Miss Burd, garbed appropriately as Chaucer’s Prioress, received the company at the top of the sundial steps, looking, in the opinion of the Foursome League, quite sufficiently like the ghost of yesterday to have justified squeals had they met her alone. When the ceremony of introduction was over, the guests dispersed about the lawn, Miss Perry struck up a waltz on the piano, and the fun began. Dancing on the grass, in the growing darkness, with the Chinese lanterns sending out a soft but uncertain radiance overhead, was a new experience to most of the school. It was difficult not to step on to the flowerbeds, or to brush against the bushes. Trailing garments were decidedly in the way, and came to grief. There was a delirious sort of Eastern feeling about it⁠—a kind of combination of The Thousand and One Nights and the Rubáiyat of Omar Khayyam. The Abbey tower for once seemed out of place, and ought to have changed miraculously into a pagoda or a minaret.

It was after the girls had been dancing for some little time that Ingred first noticed a couple whom she did not remember to have seen before. They followed persistently in her steps, and even gently bumped into her once or twice, thus compelling her attention. She looked at them, considerably mystified. One was attired in Early Victorian Costume, with a crinoline, a little tippet, and a poke bonnet, from which peeped some bewitching ringlets; the other, in a gorgeous Turkish costume, was enveloped in a shimmering gauze veil.

“Who are those?” Ingred asked her partner.

But Verity could not tell.

In the twilight it was, of course, easy to make mistakes, but Ingred began to have a strong suspicion that neither of the mysterious partners belonged to the school. They were certainly not members of the Fifth or Sixth. Perhaps some of the Juniors had forced themselves in? No, they were too tall for Juniors.

“Perhaps they are ghosts!” shivered Verity.

“Ghosts don’t bump into people. These are real substantial flesh and blood!”

“It’s so dark, we can hardly see.”

“Well, I vote we keep close to them, and next time we get near a lantern, we’ll turn the tables and bump into them, and try to see who they are.”

It was easier said than done, however; the strangers seemed to have changed their tactics, and instead of pursuing Ingred and Verity now endeavored to avoid them. No “elusive Pimpernels” could have been more difficult to follow. They would come quite close and then suddenly dodge and glide away, only to reappear and repeat the same tantalizing performance. Ingred and Verity began to get on their mettle. It was so evidently done on purpose that they were fully determined to catch the errant pair. After a long game at hide-and-seek they at last managed to dance along side them, and laying violent hands upon them, to drag them into the light of a lantern. As Ingred gazed for a moment in perplexity, the Early Victorian lady gave a most un-Early Victorian wink inside the poke bonnet.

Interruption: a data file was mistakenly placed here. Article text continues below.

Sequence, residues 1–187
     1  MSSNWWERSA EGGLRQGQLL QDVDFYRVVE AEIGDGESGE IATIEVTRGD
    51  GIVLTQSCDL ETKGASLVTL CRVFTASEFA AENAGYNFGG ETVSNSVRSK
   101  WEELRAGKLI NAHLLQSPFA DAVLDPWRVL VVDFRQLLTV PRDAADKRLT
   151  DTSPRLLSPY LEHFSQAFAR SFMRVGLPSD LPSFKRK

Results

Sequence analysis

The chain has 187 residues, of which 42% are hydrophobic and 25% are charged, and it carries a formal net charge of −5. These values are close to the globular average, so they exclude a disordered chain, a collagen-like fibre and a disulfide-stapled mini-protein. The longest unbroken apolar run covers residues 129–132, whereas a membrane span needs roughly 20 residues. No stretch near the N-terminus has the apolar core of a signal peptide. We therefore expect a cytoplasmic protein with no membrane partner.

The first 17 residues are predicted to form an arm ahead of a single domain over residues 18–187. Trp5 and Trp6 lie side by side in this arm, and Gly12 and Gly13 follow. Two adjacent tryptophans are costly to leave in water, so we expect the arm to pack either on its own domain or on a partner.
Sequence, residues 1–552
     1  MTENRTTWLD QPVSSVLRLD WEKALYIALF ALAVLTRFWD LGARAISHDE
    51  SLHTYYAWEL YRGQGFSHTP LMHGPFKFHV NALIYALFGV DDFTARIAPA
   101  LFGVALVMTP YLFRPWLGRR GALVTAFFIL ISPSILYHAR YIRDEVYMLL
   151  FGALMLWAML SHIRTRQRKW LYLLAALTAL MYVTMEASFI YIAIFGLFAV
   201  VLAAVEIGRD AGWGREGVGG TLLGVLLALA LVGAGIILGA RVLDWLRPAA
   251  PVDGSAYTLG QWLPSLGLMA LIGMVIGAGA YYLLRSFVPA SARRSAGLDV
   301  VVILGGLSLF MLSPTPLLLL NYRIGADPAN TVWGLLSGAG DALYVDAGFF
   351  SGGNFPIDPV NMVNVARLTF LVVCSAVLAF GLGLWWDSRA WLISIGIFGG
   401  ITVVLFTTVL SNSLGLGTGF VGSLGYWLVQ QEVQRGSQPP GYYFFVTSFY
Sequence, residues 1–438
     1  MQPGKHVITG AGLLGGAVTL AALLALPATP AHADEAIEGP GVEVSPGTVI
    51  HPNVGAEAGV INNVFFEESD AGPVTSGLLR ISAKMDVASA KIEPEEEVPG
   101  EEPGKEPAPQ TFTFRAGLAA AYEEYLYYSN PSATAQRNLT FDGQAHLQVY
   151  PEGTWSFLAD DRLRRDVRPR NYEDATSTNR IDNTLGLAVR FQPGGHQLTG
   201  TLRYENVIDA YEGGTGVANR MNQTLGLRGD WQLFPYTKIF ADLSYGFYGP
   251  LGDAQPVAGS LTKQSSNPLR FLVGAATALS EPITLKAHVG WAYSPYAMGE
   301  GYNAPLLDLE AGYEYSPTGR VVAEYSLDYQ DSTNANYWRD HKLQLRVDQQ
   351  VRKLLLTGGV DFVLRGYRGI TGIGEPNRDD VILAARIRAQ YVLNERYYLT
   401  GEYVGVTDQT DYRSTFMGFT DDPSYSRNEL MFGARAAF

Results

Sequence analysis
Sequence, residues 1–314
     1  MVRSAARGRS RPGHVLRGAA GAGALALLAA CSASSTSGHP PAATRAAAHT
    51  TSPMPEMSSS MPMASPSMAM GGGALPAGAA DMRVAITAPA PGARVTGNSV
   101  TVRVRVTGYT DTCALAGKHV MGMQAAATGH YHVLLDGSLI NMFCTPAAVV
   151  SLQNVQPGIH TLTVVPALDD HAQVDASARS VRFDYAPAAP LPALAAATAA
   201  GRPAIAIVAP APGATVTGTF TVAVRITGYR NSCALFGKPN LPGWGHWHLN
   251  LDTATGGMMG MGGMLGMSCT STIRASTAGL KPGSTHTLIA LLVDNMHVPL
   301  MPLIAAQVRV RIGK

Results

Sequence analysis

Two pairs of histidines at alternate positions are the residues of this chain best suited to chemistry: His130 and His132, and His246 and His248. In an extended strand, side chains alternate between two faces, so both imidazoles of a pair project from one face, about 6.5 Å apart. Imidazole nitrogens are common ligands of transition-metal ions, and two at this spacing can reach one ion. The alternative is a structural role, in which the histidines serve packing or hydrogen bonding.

“Hereward! How dare you!” gasped his sister.

A firm hand drew her away from the light, and in the shelter of a laurel bush, a voice, choking with laughter, proclaimed:

“Done you, old girl! Done you brown! What about that bet? I told you you’d never know me!”

“You abominable young wretch,” replied Ingred, laughing in spite of herself. “How did you manage it? And who is your friend?”

“Allow me to introduce Vashti, Queen of Persia!”

“Bunkum! It’s a boy! I know it is!”

The explosive sounds issuing from under the shimmering veil of Queen Vashti certainly sounded more masculine than feminine, and that Persian princess confessed presently to the name of Franklin.

“He’s a chum of mine,” explained Hereward, “and he lives close by, so we made it up to come together. His sister lent us the clothes and dressed us. I say, your Prioress never found us out, did she? What about that prize?”

“There isn’t going to be a prize, and you certainly wouldn’t have deserved it! Look here, you’d better wangle yourselves off before it gets about who you are. I should get into a row, not you!”

“Would the Prioress kick up rough?”

“She’d probably think I’d planned the whole business, and encouraged you to come.”

“Even if we apologized?”

“She wouldn’t accept an apology. If you want me to have any tennis next week, you had better clear out.”

“Just a round with you first, and Franklin can take your friend, or vice versa if you prefer it!”

“You impudent boy! Certainly not. I daren’t risk it. Look, Miss Strong is bringing out the lamp, and putting it on the sundial, and I believe Miss Perry is going to take a flashlight photo presently. If you want to disgrace me forever⁠—”

“We’ll go!” sighed a mournful voice. “Though it’s Adam and Eve turned out of Paradise. I say, Franklin, they don’t want us, after all our trouble! We’d better be getting on, I suppose. Our deepest respects to the Prioress. She’s given us a delightful evening, if she only knew it. We’d like to come again some time. Ta-ta!”